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The result from the influence of human beings on nature.

Algal Bloom
The rapid increase in (sometimes harmful) algae due to a natural or human-induced oversupply of nutrients.
Aquatic Habitats
Plants and animals that live under water.
Biodiversity describes the richness and variety of life on earth; it refers to every living thing, including plants, bacteria, animals, and humans. Biodiversity is indicated by the number and variety of species found within a specified geographic region.
Biological Diversity
The variety and variability of life, from genes, to animals, to ecosystems.
Canopy Cover

Vertical projection of the outermost perimeter of the natural spread of foliage of plants.

Carbon Sink
Forests, oceans, or other natural locations that have the ability to absorb or hold more carbon (usually carbon dioxide) from the atmosphere than they give off. It is the opposite of a carbon source, which acts to emit carbon into the atmosphere, such as a motor vehicle or a coal-fired power plant.

Climate Modeling
Climate models are run using data on the factors that drive the climate, and projections about how these might change in the future.
Cultural Eutrophication
The result of too many nutrients entering a water body, frequently from agricultural land, which causes a dense growth of plant life and death of animal life from lack of oxygen.

The study of organisms and how they interact with the environment around them.

Ecological Systems

A system formed by the interaction of a community of organisms with its environment.


1. A community or group of living organisms that live in and interact with each other in a specific environment.

2. A biological community of interacting organisms and their physical environment.

Feedback Loops

In climate change, a feedback loop is a phenomenon in which a change (such as temperature rise) either accelerates ("positive feedback") or slows down ("negative feedback"). One example of a positive feedback loop is melting ice. Because ice is light-coloured and reflective, much of the sunlight (and associated heat) that hits it simply bounces back to space. As the earth gets warmer, more ice (in the form of glaciers, ice flows, etc.) melts, revealing more of the darker-coloured land or water below. The darker surfaces absorb more light and heat which leads to more warming. This in turn leads to more ice melting, and so on setting off an accelerating feedback loop.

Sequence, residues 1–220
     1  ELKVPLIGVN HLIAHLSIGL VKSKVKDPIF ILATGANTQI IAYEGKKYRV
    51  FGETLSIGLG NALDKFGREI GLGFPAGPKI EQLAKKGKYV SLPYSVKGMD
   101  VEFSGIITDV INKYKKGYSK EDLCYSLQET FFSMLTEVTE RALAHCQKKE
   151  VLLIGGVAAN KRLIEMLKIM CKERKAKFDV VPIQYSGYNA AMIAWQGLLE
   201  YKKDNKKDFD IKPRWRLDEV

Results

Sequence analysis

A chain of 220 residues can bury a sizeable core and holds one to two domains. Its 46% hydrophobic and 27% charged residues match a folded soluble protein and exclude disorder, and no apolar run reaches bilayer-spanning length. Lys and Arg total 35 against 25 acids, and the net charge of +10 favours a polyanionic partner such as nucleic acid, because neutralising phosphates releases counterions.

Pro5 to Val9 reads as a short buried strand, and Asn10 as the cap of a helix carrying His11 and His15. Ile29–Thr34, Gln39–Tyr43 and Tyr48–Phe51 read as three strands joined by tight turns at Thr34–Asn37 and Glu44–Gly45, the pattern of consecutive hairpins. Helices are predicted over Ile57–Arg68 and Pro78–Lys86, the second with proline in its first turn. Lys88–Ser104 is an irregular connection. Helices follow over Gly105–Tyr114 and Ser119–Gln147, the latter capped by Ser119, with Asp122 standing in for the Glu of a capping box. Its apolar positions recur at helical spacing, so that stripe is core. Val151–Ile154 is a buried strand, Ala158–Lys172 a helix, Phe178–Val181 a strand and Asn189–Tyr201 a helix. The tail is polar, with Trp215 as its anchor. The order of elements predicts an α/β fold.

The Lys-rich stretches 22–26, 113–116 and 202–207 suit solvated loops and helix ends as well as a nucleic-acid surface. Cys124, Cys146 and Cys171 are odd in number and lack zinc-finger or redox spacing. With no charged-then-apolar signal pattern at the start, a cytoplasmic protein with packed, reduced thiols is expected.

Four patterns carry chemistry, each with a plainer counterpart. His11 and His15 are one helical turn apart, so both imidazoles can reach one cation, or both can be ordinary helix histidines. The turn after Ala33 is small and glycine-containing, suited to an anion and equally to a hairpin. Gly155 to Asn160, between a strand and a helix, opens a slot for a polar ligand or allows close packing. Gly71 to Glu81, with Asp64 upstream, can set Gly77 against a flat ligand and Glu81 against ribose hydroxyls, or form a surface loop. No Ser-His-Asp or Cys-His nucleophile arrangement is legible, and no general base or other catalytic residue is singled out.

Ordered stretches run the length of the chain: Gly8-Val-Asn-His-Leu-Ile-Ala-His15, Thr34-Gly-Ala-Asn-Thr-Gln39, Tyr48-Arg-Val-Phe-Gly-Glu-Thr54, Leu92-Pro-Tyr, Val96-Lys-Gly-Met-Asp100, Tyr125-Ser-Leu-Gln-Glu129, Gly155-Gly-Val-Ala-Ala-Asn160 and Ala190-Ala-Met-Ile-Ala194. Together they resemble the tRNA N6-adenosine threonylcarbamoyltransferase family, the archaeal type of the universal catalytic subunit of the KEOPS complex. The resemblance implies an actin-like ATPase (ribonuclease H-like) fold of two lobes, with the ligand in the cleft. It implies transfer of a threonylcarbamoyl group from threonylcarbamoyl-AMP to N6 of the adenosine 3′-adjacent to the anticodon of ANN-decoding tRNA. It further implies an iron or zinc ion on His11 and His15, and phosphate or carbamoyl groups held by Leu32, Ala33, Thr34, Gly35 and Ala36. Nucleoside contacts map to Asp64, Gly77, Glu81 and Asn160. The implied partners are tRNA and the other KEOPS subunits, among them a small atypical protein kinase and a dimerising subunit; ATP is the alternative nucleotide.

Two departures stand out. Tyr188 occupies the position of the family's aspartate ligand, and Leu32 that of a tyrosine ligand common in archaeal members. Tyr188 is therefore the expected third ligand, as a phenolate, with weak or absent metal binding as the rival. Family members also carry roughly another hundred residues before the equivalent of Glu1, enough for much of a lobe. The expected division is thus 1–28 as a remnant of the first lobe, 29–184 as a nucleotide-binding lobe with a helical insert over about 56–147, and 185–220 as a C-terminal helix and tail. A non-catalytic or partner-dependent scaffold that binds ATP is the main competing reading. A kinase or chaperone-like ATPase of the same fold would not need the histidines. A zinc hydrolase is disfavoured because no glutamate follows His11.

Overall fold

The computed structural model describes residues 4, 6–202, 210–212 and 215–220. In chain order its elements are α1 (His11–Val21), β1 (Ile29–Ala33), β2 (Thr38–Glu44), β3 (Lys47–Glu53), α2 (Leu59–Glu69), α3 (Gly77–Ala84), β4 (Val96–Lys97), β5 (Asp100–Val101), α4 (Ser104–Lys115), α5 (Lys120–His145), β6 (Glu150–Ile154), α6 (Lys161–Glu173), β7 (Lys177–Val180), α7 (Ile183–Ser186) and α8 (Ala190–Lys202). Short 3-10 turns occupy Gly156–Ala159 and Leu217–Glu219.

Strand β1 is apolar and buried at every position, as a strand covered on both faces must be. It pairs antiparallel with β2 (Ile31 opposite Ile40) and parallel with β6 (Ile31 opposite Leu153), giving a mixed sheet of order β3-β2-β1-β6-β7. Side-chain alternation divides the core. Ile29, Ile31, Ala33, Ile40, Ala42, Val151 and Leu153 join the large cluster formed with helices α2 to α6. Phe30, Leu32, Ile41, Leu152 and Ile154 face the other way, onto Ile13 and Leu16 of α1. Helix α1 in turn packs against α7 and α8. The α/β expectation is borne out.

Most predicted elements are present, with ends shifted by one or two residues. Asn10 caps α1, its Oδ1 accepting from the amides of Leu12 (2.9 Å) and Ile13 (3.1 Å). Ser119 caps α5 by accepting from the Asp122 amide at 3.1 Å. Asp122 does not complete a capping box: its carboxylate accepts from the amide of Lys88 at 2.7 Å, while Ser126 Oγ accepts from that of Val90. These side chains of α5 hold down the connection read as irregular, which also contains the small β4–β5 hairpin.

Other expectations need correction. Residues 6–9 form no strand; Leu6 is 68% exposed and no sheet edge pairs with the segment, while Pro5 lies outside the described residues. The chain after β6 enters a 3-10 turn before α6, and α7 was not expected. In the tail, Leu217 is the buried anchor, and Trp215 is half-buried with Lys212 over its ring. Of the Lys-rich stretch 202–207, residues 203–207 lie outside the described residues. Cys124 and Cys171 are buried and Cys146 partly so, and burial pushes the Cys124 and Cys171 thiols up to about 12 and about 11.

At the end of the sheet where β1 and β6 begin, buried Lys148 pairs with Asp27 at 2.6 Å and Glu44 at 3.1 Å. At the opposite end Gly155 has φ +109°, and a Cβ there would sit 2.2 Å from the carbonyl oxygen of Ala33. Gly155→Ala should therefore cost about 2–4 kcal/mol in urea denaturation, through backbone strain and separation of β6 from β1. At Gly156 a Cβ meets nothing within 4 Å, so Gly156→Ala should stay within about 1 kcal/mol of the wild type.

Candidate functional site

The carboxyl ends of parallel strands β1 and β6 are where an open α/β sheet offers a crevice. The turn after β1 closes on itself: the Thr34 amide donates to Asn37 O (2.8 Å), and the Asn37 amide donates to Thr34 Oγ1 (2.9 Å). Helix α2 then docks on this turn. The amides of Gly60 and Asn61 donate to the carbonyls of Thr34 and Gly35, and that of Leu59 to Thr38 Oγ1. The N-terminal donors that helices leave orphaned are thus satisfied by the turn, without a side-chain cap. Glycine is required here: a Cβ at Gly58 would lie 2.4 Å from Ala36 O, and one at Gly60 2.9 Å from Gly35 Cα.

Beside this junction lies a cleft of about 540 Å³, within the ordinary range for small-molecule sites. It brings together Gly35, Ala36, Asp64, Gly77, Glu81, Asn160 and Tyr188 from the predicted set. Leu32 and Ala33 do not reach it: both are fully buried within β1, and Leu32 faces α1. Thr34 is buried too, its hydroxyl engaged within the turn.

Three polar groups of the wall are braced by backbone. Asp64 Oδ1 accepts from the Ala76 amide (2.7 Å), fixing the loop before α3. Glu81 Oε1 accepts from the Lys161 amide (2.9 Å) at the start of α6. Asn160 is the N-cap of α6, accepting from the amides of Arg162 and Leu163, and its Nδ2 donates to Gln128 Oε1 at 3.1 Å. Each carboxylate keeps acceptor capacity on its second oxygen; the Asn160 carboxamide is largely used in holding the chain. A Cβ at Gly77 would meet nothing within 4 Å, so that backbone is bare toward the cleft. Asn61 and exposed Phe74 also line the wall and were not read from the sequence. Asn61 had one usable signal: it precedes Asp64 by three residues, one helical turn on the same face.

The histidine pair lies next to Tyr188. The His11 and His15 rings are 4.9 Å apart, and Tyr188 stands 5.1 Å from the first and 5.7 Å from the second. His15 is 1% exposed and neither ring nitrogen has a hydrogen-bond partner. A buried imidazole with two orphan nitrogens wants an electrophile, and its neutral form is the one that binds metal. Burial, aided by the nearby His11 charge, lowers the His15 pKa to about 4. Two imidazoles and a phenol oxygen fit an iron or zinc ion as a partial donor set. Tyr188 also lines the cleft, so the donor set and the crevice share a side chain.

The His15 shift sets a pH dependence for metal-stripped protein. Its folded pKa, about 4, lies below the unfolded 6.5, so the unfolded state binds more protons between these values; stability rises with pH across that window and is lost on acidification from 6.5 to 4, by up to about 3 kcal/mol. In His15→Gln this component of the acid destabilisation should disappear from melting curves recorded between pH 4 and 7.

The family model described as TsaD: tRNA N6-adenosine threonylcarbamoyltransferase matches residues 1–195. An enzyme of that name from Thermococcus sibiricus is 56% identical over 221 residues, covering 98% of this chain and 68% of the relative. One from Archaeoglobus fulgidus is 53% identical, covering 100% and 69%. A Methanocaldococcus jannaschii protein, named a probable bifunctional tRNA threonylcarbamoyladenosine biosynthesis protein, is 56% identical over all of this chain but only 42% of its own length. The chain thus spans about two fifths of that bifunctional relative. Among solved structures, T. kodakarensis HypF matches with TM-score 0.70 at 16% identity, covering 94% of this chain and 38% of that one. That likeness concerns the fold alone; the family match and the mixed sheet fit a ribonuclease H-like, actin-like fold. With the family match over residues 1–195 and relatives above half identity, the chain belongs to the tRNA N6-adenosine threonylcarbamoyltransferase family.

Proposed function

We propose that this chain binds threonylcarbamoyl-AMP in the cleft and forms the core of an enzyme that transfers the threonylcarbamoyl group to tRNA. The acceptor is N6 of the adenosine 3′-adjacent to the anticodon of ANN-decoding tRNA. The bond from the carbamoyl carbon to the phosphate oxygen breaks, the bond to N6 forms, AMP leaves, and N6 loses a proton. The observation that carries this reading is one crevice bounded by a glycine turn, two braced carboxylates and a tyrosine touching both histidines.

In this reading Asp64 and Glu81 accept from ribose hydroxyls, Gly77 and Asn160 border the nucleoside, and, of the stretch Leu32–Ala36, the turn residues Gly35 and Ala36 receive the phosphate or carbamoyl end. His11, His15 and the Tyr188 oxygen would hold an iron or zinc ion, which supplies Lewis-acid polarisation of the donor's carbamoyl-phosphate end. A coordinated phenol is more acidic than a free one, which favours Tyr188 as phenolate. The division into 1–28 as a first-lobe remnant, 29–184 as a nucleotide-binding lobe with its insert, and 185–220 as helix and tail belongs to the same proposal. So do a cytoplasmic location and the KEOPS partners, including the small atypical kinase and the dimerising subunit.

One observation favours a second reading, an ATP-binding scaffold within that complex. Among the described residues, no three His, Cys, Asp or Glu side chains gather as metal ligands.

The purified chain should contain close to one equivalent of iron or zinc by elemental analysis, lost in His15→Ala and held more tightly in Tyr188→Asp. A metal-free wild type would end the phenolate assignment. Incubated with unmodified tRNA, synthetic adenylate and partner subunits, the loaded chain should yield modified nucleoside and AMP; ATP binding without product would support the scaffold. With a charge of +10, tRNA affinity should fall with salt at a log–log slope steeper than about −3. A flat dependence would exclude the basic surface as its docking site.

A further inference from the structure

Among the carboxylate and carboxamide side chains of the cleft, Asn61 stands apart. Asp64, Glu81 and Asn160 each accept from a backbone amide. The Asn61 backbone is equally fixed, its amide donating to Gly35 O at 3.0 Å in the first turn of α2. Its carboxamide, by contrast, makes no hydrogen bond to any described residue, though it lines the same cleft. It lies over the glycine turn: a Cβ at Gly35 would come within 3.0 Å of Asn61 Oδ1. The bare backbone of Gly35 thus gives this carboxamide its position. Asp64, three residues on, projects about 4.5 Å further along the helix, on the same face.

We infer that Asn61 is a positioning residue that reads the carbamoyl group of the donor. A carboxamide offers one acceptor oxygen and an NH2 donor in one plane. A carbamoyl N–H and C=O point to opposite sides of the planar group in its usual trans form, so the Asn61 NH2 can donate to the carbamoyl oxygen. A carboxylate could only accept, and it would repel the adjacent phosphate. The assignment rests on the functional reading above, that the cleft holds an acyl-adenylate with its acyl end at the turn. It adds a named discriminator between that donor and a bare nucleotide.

Fish Advisories

Fish consumption advisories are warnings for people when fish or shellfish are unsafe to eat.

Fish Weir

Fish weirs are an ancient technology used around the globe for centuries in places including Asia, Europe, and the Middle East. These traps were built from rocks, pilings, or wooden posts that are designed to direct the movement of fish in streams or tidal waters. While all fish weirs maintain the goal of directing and trapping fish, they are specifically designed to meet the unique conditions of their landscape and water bodies and the biology of the fish they catch. Furthermore, fish weirs are still being used today for scientific monitoring.


Food Security

All people, at all times, have physical, social, and economic access to sufficient, safe, and nutritious food that meets their food preferences and dietary needs for an active and healthy life.

Fossil Fuels

1. Coal, crude oil, and natural gas are all considered fossil fuels because they were formed from the fossilized, buried remains of plants and animals that lived millions of years ago. Because of their origins, fossil fuels have a high carbon content.

2. A natural fuel such as coal or gas, formed in the geological past from the remains of living organisms.

"Ghost Moose"

Ghost moose is often the name given to moose that have lost large sections of hair on their body. This condition is caused by the winter tick (Dermacentor albipictus). The most common sign observed is the white to greyish appearance on large sections of  the body due to hair loss. Other signs can include, observing heavy tick burdens, skin erosions, weight loss and abnormal  behavior. Combined with winter conditions, cumulative effects can negatively impact the health of the moose, making them more vulnerable to predators, human conflict and vehicle collisions. This condition is typically seen in calves and yearlings.

GIS Mapping

Geographic Information Systems (GIS) is a computer system capable of creating, storing, managing, analyzing and displaying geographically referenced information.

Greenhouse Gas Emissions

Greenhouse gasses are gasses that trap heat in the atmosphere much as a layer of glass or translucent plastic traps heat in a greenhouse used for growing plants. The term ‘greenhouse gas emissions’ typically refers to gasses that are released from anthropogenic (human-influenced) sources, such as the burning of fossil fuels.